Examining the effect of environmental enrichment on the modulation of feeding and aggressive behaviours in mice and the associated expression of Bdnf transcript variants
Aldhshan, Muhammad Shaaban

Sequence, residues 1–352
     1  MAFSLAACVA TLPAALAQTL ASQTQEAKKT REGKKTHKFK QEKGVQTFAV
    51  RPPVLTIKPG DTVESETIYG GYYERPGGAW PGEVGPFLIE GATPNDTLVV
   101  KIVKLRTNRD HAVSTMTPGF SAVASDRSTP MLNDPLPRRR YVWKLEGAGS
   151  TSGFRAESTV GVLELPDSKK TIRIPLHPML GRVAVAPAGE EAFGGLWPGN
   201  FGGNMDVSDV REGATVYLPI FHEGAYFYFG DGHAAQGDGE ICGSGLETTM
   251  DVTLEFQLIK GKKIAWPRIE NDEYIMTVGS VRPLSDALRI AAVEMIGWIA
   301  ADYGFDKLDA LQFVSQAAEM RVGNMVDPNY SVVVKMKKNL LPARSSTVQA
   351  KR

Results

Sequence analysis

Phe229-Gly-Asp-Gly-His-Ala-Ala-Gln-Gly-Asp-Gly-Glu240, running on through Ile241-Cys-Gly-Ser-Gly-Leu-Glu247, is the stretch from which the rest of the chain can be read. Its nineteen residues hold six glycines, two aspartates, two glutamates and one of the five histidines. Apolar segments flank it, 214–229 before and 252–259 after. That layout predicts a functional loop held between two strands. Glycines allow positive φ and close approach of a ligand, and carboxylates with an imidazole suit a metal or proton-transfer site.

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The home environment is a critical modulator of behaviour. Environmental enrichment (EE) is a laboratory housing protocol that employs complex sensory and social stimulations to enrich the cage environment of laboratory rodents. Prior studies suggested that EE elicits improvements in rodents' metabolic profile in addition to profound cognitive and behavioural outcomes, among which is reduced inter-male aggression. However, the underlying mechanism mediating the positive outcomes of EE remains poorly characterised. EE has been associated with altered brain-derived neurotrophic factor (Bdnf) gene expression. The Bdnf gene consists of multiple transcript variants, all of which encode for an identical protein. Remarkably, different Bdnf transcripts expression in different tissues influences different metabolic and behavioural functions. Therefore, we hypothesised that EE modifies the feeding and aggressive behaviours in mice via altering Bdnf gene expression in a transcript variant-specific and brain region-specific manner. To test this hypothesis, we employed behavioural and gene expression analyses to examine the influence of EE on feeding and aggressive behaviours and the associated expression of genes encoding neurotrophins in male C57BL/6 mice. In the first study, we showed, for the first time, that EE potentiates the feeding-suppressing effect of glucose in 8-hr fasted mice. Furthermore, intraperitoneal glucose injection promoted hypothalamic activation, as assessed by increased Fos expression. Moreover, glucose treatment significantly upregulated hypothalamic glial cell line-derived neurotrophic factor (Gdnf) mRNA levels while selectively downregulating Bdnf transcript variants levels in the hypothalamus and amygdala of the EE mice. In the second study, we showed that EE significantly reduced inter-male aggression in group-housed mice. This effect was associated with reduced activity of the aggression-linked corticolimbic circuits. Importantly, EE significantly reduced Bdnf transcript variant I (Bdnf I) expression in the prefrontal cortex, hypothalamus, hippocampus, and parietal cortex, whereas it significantly increased Bdnf I mRNA levels in the amygdala. Together, these data show that the effects of EE on feeding and aggressive behaviours are associated with brain region-specific alterations in neurotrophins gene expression. It is highly expected that the novel data reported in this thesis will further the current understanding of the role of the home environment in modulating behaviour at the brain level.